One of the Czech Republic´s “Few” Flies Again!

On July 21 of 2016, one of the last surviving Czech pilots who served in the ranks of the Royal Air Force during World War II took to the air in a legendary Spitfire fighter for the first time on over 70 years.

Born on February, 25 of 1923 in Brno, General Emil Boček took off on a 25 minute flight from Great Britain´s famous Biggin Hill airfield in a Spitfire fitted with a second seat.

This is video footage of the event from Czech Television:

An English language report can be found here:

A Blog in the Hangar


Time to Open the Hatches Again

Today has been a day of behind the scenes work at Pickled Wings.

All remaining 2015 posts have been moved from the main page to top or sidebar menus.

Additionally, the existing articles on the North American Texan/Harvard, T-28 Trojan and Praga Air Baby all received slight text revisions and partial photo refreshment.

The article on the Fouga Magister received a slight text revision and a link to a photogallery I created for it.

Thanks for your continued readership.

Olomouc Air Museum has a New Home!

This is just a brief update on the air museum of Olomouc, Czech Republic.

The museum was unable to open for the 2015 season due to losing residency in the buildings which housed them at the Olomouc airport.

Happily, the museum has managed to find new accommodation in the town of Koněšín, in the central highlands region of the Czech Republic. They officially reopened to the public on July, 2, 2016.

Unfortunately, I was unable to attend the reopening. However, I will be paying a visit at my nearest opportunity.

Some images of the reopening day can be found on the museum’s Facebook page:

Pardubice Aviation Fair, 2016

A pair of Pardubice based Aero L-39 Albatros trainers take off in preparation for the show’s opening flypast.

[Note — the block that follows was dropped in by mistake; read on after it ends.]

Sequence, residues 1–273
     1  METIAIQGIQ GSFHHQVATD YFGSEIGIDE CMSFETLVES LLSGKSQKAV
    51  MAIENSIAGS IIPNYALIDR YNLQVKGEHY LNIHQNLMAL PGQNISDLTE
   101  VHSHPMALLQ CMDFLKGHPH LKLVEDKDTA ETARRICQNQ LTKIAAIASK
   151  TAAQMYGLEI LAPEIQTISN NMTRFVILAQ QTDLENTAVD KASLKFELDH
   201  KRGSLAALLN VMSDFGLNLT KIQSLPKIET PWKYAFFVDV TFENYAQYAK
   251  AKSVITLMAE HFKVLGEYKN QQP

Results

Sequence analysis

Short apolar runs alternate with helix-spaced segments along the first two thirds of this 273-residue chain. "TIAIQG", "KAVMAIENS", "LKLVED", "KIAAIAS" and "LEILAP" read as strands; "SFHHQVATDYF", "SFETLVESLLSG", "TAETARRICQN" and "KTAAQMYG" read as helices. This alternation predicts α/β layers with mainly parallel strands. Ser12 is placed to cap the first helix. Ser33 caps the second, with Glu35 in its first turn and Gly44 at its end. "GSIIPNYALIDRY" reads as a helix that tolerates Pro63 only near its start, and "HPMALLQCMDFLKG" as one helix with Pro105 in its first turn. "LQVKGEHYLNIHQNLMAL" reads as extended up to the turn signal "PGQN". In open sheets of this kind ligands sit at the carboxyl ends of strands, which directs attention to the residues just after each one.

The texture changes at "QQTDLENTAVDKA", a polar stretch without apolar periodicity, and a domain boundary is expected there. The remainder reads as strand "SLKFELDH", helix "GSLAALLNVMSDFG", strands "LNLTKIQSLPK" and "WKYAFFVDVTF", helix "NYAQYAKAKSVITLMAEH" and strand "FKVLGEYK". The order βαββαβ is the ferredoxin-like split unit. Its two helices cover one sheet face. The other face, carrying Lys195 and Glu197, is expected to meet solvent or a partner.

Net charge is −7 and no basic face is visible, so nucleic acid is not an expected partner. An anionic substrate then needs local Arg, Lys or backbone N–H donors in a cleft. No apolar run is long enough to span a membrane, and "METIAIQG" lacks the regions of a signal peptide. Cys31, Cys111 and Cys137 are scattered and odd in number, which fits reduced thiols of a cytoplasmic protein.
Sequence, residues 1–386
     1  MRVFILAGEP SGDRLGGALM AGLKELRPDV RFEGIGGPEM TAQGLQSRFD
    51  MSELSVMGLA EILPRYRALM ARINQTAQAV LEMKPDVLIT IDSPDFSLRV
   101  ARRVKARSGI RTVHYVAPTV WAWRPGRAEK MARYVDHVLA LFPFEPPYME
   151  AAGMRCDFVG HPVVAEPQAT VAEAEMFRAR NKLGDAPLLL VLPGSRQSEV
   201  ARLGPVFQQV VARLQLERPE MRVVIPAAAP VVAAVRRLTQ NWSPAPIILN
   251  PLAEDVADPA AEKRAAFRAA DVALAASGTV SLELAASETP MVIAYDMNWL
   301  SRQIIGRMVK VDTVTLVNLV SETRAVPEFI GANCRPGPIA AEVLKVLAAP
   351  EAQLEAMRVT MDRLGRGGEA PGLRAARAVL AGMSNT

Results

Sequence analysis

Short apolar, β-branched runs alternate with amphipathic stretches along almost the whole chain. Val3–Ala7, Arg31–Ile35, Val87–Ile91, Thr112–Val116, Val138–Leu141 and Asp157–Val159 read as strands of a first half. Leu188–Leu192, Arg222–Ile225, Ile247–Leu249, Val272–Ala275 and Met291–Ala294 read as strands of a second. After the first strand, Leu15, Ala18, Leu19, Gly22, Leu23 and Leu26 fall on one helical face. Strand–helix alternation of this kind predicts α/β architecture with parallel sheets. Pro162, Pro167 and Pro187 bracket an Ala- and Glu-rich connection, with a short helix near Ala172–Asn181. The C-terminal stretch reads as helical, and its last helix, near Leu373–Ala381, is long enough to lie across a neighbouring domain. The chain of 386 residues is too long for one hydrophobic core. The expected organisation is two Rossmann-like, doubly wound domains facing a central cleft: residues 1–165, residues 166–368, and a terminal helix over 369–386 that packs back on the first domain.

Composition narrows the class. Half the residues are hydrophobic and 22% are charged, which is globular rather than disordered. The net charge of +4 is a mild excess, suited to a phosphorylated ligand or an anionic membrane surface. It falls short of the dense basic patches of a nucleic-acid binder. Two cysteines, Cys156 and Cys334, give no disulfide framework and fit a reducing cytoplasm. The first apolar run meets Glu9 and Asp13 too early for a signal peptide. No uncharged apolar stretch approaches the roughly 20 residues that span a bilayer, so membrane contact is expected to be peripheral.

May 28 and 29 of 2016 bring us this year’s annual edition of the Pardubice Aviation Fair. A largely civilian event, with heavy emphasis on the vintage end of things; this year’s edition was no different.

The weather was mostly sunny and hot, so heat distortion was an issue in photo taking, though we did get a downpour of rain towards the end of the show in the late afternoon on the 28th.

Here’s a sampling of was was on hand on the day:

A very rare example of an airworthy Mráz M-1 Sokol. The Sokol was designed in secret during the Second World War and was Czechoslovakia’s first post war aircraft.
An example of the immortal Douglas Dakota made an appearance.
This Catalina flying boat came in from the UK.
Red Bull seems to be bringing more machines to the event every year. This former Luftwaffe Alpha Jet trainer was part of their contribution this year.
A Spitfire takes off for a performance early in the show.
A Czechoslovak interwar product, the Beneš-Mráz Be-50 Beta Minor was first flown in 1935.
This Mil Mi-24/35 Hind was part of the small modern military flight display.
This flypast from a Yakovlev Yak-40 was a welcome sighting of an increasingly rare aircraft type in European skies.
A Messerschmitt Me-262 fighter returning to the flight line after a spirited performance.
The Catalina was joined by a Grumman Avenger.
The Avenger, moments before landing.

Museum of Military History-Berlin, Germany

A selection of early flying machines on display in Hangar 3

Historical Planes in a Historical Place

The aviation collection of the Museum of Military History of the Bundeswehr is located at what remains of the historic Berlin-Gatow airfield in the Kladow district of Germany’s capital city.